I think I’ll keep the Flecainide nearby while the kids are small and vulnerable – maybe for a couple more years or so, at least until I can be sure they don’t run off while I collapse on the floor! The consultant said I could have the ablation at anytime, and if I changed my mind he would put me back on the list.


Ollie’s 2nd Birthday

Ollie’s birthday was spread over 3 days, which he really enjoyed. I will merely post the photos for now.

Photos of Ollie turning 2.


My Favourite Things…

My favourite aspect of parenting is without doubt watching a vessel seek to fill itself with knowledge.

Thomas asked me the excellent question today: “Mummy, what are eyebrows for?” Luckily this exact question was raised in the New Scientists “Feedback” pages so, while I couldn’t help laughing, I was pretty much word perfect with my reply.

Another question that caused me to stifle a laugh was “Mummy, what happens if you drop roses and whiskers on kittens?” Can even begin to guess where that came from? Do you know the words to “My Favourite Things” from the Sound of Music?


Music is FUN!

My posts all seem to have been a bit stilted lately, so I promise to try to resume proper posting soon.

Firstly my staunch atheist friend posted this link on facebook a while ago, which has got more interesting since it’s sparked discussion in the family. I put it here so I’ve got a reference to it. It’s about a randomised trial to see if prayer had specific effects on recovery from heart surgery, they didn’t prove anything, but it was interesting!

Abstract of the Trial

Here is just a bit of fun, when David was really trying to work:



I happened upon this article which seems to be a very clear and simple explanation of the procedure I might undergo:

SVT Ablation



David has pointed out on many an occasion that my knowledge of the US is appalling! I’ve been inspired lately by the whole “Games With a Purpose” (thanks, Dad). Look the up on wikipedia. Anyway in a roundabout way I found this, states quiz and plan to be perfect before we go.



As it’s the Easter holidays, Thomas is now desperately missing his friends, particularly his girlfriend. He is totally “in love” with this girl! He talks about her all the time, even about what clothes she wore to playgroup!? He was invited to her birthday lunch and received a home-made thank-you-for-my-present card. This card is so precious, he has, on a number of occasions taken it to bed with him, and also on outings.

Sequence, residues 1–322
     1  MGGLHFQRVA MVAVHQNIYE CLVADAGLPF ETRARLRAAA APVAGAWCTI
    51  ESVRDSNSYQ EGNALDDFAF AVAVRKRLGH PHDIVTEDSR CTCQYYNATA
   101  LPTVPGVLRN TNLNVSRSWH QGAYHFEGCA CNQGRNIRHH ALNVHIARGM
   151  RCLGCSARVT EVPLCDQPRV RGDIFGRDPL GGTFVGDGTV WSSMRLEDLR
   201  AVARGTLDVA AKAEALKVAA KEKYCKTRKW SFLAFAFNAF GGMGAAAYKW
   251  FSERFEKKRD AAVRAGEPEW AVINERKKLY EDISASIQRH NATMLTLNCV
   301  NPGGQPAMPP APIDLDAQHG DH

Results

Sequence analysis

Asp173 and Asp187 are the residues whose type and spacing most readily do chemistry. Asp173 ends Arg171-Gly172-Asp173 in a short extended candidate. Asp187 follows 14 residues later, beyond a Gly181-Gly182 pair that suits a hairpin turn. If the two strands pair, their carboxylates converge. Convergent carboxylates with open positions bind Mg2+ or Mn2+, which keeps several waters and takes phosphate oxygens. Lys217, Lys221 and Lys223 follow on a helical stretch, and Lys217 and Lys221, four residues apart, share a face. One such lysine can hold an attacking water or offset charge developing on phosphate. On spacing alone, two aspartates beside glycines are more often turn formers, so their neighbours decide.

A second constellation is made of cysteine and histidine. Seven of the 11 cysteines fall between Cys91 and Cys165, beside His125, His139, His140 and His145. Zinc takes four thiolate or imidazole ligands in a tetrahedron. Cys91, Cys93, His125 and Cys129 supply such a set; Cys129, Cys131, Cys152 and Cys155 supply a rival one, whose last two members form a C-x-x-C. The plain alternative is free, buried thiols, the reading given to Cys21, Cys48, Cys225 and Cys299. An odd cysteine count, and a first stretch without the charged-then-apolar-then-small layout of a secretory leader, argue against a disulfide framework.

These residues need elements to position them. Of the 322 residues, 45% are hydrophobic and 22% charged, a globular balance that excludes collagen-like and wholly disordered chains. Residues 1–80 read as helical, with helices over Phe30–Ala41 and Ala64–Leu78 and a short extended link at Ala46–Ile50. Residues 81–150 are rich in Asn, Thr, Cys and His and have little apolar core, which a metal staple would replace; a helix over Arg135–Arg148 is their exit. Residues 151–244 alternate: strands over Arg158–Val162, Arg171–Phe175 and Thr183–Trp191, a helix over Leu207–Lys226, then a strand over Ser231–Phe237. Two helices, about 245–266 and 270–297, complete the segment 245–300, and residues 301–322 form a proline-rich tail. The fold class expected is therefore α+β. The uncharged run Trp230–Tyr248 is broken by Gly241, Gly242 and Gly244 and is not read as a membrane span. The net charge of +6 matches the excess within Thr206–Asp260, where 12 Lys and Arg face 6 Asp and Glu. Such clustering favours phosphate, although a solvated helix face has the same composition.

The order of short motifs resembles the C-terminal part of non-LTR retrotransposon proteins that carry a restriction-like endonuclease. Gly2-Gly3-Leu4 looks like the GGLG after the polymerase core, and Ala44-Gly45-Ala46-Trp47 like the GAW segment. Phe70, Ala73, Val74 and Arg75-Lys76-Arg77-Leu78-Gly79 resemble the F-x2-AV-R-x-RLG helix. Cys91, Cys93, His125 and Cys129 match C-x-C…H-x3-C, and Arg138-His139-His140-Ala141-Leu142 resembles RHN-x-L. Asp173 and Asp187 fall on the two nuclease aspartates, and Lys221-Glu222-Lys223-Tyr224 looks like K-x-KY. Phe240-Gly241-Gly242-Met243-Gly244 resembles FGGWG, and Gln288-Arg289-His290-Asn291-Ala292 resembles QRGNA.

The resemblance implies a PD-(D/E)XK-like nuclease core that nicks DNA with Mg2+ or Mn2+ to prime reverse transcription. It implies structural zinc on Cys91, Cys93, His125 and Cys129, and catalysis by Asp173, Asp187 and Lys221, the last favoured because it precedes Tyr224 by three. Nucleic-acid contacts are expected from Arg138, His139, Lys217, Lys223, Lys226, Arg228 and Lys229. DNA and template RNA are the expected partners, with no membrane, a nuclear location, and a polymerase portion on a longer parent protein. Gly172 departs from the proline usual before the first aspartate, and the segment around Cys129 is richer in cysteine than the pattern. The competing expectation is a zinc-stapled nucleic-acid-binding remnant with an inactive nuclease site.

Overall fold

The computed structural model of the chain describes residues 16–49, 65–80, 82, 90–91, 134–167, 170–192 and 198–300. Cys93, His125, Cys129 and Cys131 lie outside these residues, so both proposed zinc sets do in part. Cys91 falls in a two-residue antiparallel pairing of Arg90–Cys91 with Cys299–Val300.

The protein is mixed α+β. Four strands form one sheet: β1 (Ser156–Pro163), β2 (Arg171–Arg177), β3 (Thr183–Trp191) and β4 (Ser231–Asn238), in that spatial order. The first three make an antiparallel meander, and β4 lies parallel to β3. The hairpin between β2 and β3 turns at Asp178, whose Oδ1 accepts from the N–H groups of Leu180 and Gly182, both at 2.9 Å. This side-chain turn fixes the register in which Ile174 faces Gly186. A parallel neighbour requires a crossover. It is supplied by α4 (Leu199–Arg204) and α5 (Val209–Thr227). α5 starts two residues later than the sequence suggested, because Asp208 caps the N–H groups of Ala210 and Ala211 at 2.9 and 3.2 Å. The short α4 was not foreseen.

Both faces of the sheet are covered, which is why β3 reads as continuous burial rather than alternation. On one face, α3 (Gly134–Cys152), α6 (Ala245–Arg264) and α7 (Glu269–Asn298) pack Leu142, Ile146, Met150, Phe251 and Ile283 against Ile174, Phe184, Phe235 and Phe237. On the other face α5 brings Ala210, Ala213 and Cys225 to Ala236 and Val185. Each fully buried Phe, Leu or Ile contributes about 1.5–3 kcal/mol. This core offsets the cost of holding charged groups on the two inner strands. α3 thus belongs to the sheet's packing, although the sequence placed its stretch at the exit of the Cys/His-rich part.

Today I was trying to give him a vague idea about how the world works in terms of reproduction. Actually it started when I was trying to explain my hayfever to him – I’ve been really suffering, so I wanted him to know why my eyes are streaming, and I constantly have tissues shoved up my nose. I told him that trees like to make more trees, plants make more plants, animals make more animals, and, yes, humans make more humans – “like mummy and daddy made you”. He told me he had to whisper in my ear and said “I’d like to make Millie”. So I said, “would you like to make more Millies?” and he laughed and said “NO! Just one Millie”. We hadn’t spoken about Millie that day, so it was quite out of the blue. He’s too young to understand about girls yet, so I think he must have picked up on the “mummy-and-daddy” and made him think of him-and-Millie.


Back to the Lido

In a bizarre twist of fate, we ended up going to Ruislip Lido again, almost exactly a year since we last went. I know because I remember Ollie was just “cruising” (walking-holdin-onto-things) but not walking unassisted, so it must have been around his 1st birthday.

Anyhoo, we had a lovely day, and my mum came along to help which makes all the difference when you have two littl’uns near water. (we weren’t fast enough to stop him jumping in a huge puddle up to his knees on the way though). We were so impressed by the size of one of the swans – it was mutant-sized – far taller than it’s parents, with feet like dinner plates, that we couldn’t whip the camera out in time to photo it.





These are posted with some more here: Ruislip Lido 09